When the tension has risen, it seems as no one is on the same page, it is time to have students appreciate and validate one another. This team building activity is a worthwhile investment of time, as the kids will build each other up and remind them of what is important.
Students will compliment each participant in writing and then reveal all the compliments at once. Using paper, a writing utensil and tape, this activity requires more time than resources. Students walk away with a keepsake, feeling validated for their contributions to the group.
- Students will identify what makes a compliment authentic.
- Students will understand why it is important to maintain a positive work environment.
- Students will create authentic compliments for one another. They can think of something that pertains: to their job on staff, their job in the classroom, a story they wrote or photo they have taken. It can also be out of class or about their character.
Common Core Standards
|CCSS.ELA-Literacy.SL.9-10.1||Initiate and participate effectively in a range of collaborative discussions (one-on-one, in groups, and teacher-led) with diverse partners on grades 9-10 topics, texts, and issues, building on others’ ideas and expressing their own clearly and persuasively.|
|CCSS.ELA-Literacy.CCRA.W.4||Produce clear and coherent writing in which the development, organization, and style are appropriate to task, purpose, and audience.|
20-45-minutes, depending on number of participants
Each participant must have a pen
2-3 tape dispensers
1. Prep — 5 minutes
Each participant will need one sheet of paper. Have them trace their hand on the center of the paper.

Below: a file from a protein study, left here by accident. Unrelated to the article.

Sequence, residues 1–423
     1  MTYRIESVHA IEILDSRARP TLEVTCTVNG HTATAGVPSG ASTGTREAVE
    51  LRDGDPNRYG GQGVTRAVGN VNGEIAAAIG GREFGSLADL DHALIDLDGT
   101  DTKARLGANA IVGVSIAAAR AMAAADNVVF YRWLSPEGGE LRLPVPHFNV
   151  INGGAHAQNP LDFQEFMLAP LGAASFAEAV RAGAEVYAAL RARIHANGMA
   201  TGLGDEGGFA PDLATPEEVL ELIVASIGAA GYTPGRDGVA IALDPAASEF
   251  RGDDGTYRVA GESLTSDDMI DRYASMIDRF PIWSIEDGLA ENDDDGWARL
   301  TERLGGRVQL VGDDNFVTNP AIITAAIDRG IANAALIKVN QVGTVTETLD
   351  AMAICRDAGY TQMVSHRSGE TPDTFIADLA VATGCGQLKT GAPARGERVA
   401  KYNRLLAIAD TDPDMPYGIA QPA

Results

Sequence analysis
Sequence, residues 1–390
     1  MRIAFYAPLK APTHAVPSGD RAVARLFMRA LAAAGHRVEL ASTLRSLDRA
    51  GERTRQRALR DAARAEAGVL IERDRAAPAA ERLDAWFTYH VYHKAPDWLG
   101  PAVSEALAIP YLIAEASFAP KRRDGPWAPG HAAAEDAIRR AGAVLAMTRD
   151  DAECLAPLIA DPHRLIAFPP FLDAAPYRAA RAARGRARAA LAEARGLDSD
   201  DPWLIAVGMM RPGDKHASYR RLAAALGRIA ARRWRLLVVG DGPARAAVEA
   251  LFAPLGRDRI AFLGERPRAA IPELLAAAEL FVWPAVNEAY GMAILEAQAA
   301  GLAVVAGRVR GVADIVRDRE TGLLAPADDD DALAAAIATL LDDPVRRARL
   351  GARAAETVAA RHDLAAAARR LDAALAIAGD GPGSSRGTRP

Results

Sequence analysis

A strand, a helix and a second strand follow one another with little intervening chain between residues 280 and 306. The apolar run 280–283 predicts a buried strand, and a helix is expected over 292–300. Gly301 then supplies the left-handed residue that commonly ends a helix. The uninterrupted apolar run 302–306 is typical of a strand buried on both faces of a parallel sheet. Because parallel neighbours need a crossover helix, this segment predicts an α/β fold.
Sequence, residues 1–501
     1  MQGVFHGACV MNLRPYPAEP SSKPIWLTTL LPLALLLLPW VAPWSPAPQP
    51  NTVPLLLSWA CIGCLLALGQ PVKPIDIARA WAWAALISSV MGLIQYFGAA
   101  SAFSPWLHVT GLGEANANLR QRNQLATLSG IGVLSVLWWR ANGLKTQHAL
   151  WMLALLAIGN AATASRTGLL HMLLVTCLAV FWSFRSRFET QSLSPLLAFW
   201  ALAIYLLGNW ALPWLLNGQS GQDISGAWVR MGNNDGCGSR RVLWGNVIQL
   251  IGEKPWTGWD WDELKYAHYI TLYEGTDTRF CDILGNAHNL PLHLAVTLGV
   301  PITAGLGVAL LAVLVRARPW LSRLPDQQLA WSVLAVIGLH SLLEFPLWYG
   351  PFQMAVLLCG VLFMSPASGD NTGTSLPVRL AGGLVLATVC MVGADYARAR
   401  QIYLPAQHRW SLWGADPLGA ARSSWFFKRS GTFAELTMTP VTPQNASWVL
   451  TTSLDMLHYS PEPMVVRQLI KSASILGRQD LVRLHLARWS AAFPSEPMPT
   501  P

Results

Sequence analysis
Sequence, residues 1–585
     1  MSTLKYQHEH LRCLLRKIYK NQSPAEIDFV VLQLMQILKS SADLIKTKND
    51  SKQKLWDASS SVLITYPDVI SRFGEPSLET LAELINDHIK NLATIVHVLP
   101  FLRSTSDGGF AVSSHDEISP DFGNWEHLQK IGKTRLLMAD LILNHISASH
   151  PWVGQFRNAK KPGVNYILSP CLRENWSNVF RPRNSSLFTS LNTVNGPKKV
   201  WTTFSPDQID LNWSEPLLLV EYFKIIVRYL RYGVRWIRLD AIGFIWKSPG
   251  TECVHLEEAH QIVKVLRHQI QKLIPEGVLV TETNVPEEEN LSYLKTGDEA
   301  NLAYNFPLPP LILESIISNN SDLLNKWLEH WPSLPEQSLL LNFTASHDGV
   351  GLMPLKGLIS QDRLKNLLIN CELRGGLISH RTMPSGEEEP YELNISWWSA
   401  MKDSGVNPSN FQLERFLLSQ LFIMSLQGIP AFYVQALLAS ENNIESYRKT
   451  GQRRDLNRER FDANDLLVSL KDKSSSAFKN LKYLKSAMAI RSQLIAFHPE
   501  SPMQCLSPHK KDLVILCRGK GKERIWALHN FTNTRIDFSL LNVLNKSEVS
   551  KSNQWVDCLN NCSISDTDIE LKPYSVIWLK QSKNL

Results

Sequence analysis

Pair up participants so they have a buddy. After their hand is traced, using a partner, they need to tape the paper to their back.
2. Activity — 15-40 minutes (the more participants, the longer this will take)
Students will take turns writing authentic compliments on each other’s paper. Writing their names to the paper are not needed. If more than 15 participants, there may not room.
Compliments can be related to: the job they have on staff, maybe something observed in the classroom/media room; it can be skills-based like a compliment on a story they wrote or a photo they have taken; something outside of class or observed in another class, maybe something about their personality or a compliment about them as a person.
The rule must be emphasized that each participant must come up with one authentic, concise compliment for each participant. The time-consuming part of this activity is the time it takes to handwrite on each person’s back.
3. Complement reveal — 5 minutes
After everyone is finished writing, make sure everyone waits together for the reveal. They all take them off their backs at one time and can read what people wrote.
The leader can wrap-up with a group question they all need to answer (depending on time and how many participants):
- What is your favorite compliment?
- What was your best compliment?
- How do you feel after participating in this activity?
- What can we learn from paying compliments to each other?